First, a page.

Get your health question answered instantly from our pool of 18000+ doctors from over 80 specialties

135 Doctors Online
Doctor Image
MD
Dr. Andrew Rynne

Family Physician

Exp 50 years

I will be looking into your question and guiding you through the process. Please write your question below.

Have lupus. Red raised bump appeared in armpit. Feeling tingling and numbness. Concerned for cancer

Answered by
Dr.
Dr. Stephen Christensen

General & Family Physician

Practicing since :1986

Answered : 212 Questions

default
Posted on Sat, 15 Dec 2012 in Lupus
Question: I have lupus. Recently a red raised bump in my left armpit has gone deeper beneath the skin and is painful. When I press on it, it causes tingling and numbness down into my fingers. Also pain radiates down my left aside of my rib cage. I just recently had a mammogram and it was fine so I wasn't concerned of cancer, etc. But the lump is troubling and painful at times. It comes and goes and is not constant.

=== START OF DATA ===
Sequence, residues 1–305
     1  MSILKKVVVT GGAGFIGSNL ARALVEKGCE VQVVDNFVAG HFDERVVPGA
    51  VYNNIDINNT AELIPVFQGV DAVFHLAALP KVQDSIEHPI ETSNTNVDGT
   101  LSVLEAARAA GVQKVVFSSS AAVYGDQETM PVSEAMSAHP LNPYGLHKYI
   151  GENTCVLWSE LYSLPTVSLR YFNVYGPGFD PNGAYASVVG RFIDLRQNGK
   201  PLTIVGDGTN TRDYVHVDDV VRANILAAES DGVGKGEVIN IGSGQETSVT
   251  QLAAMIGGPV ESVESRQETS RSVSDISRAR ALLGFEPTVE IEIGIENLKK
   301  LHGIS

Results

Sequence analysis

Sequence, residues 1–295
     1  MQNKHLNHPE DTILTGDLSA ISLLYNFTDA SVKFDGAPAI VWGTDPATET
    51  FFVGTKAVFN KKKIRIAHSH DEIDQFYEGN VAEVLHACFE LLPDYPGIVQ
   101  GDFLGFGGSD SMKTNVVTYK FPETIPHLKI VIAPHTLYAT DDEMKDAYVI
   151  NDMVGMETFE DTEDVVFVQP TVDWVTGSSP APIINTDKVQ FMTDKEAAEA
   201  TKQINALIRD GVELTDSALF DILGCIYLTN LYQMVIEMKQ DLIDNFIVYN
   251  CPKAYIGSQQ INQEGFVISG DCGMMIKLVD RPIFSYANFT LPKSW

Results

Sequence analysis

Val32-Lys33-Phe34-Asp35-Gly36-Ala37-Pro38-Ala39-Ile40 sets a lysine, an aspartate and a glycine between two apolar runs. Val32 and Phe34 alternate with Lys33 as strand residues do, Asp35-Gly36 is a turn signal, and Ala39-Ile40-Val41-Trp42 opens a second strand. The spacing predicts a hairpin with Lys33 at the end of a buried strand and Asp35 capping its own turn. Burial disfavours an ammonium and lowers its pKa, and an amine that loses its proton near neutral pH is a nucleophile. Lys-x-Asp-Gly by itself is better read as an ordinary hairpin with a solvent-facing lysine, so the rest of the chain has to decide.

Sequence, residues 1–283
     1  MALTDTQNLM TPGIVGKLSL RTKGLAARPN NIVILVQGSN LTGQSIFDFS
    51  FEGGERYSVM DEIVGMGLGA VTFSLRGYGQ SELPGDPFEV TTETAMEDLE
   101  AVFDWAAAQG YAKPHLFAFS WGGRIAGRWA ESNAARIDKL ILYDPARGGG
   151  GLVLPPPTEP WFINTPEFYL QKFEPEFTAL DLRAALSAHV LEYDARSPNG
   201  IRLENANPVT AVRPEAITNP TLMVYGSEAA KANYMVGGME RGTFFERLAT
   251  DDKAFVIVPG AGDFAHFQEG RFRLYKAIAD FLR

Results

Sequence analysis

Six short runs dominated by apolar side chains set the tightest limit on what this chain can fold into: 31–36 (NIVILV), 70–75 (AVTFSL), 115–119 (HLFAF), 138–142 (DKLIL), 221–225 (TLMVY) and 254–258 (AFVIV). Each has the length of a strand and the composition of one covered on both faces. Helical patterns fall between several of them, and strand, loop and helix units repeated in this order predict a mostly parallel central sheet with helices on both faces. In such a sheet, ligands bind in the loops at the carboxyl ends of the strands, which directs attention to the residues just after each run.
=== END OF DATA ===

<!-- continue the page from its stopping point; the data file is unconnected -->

doctor
Answered by Dr. Stephen Christensen 4 hours later
Hello.
I'm sorry you're uncomfortable. Unfortunately, without an examination it won't be possible to tell you exactly what the lump in your armpit is. However, a couple of thoughts come to mind: given your history of autoimmunity this lump could be an inflamed lymph node, or it might be a developing abscess (a pocket of infection). When you press on it, the lump is probably impinging on the brachial plexus, which is a complex network of nerves that arise from your neck and provide sensation and motor control to your arm, shoulder, thoracic muscles and chest wall skin. That would account for the tingling in your fingers and the pain along your rib cage.
I suggest you have your doctor take a look at this lump at your earliest opportunity. People with lupus develop reactive lymph nodes from time to time, and such nodes typically quiet down eventually. However, if you have an abscess, a systemic infection or a malignancy in the node, the sooner you have it addressed, the better (the latter is unlikely, by the way, as most malignant nodes are nontender and usually don't "come and go").
I hope that answers your question, and good luck!
I'll be available if you have additional concerns.
Above answer was peer-reviewed by : Dr. Aparna Kohli
doctor
premium_optimized

The User accepted the expert's answer

Share on